Preparing for the future can often include crafting legal documents that let your family know what medical treatments you want in a serious situation and where you want your assets to go after death.
As you go through estate planning, you may wonder what documents are typically included.
According to the AARP, having advance directives can help hospitals and your loved ones decide what to do if you are permanently unconscious and cannot respond. Writing down what kinds of treatments or procedures you want, such as whether you want dialysis or tube feeding, can help your loved ones pick the medical choices you want.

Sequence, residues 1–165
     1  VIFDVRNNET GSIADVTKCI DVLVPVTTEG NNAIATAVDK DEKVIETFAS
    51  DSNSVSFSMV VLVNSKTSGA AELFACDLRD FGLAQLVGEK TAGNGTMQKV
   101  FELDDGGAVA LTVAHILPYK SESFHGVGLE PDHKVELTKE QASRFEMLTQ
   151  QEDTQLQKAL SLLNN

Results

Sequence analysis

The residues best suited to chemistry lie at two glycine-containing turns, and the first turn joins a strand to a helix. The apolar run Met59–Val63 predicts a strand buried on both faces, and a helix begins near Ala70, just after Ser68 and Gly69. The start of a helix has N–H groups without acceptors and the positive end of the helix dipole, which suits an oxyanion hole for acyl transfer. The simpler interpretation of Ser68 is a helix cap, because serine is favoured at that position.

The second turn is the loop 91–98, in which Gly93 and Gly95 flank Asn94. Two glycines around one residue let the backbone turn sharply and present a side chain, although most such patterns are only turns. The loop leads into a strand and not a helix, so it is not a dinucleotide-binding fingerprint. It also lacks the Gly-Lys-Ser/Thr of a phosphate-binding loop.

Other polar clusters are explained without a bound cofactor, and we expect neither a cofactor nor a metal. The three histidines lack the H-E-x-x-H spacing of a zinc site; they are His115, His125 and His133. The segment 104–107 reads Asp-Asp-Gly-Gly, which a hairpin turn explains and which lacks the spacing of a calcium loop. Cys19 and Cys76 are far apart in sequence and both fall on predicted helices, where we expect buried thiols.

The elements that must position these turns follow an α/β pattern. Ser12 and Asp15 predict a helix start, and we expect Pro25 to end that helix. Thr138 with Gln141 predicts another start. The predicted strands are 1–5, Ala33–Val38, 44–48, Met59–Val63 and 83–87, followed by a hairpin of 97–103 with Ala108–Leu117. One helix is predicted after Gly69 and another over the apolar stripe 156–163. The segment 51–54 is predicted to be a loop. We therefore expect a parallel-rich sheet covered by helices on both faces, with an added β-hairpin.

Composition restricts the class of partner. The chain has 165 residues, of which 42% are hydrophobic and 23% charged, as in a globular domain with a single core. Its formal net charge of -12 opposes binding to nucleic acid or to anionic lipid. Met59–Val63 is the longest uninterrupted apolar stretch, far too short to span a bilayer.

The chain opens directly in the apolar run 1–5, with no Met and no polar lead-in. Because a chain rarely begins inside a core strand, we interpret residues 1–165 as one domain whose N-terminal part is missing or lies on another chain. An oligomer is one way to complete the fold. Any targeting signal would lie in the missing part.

This document commonly contains instructions for where your assets will go or who will receive them after your death. These assets can include any item that you want to pass on, such as family heirlooms like fine china or even your home and car.
You may think because you only have a few assets or that your children verbally promise you that they will figure it out that you do not have to legally make a will. However, writing a will is an important part of an estate plan and guarantees that others will follow these plans.
Power of attorney
Appointing someone to carry out your medical and financial choices outlined in any documents you write is an important task. This person is responsible for speaking on your behalf to doctors about your choices, as well as accessing important financial savings like your pension or IRA.
Choosing someone you know will respect your wishes can help you build a cohesive estate plan.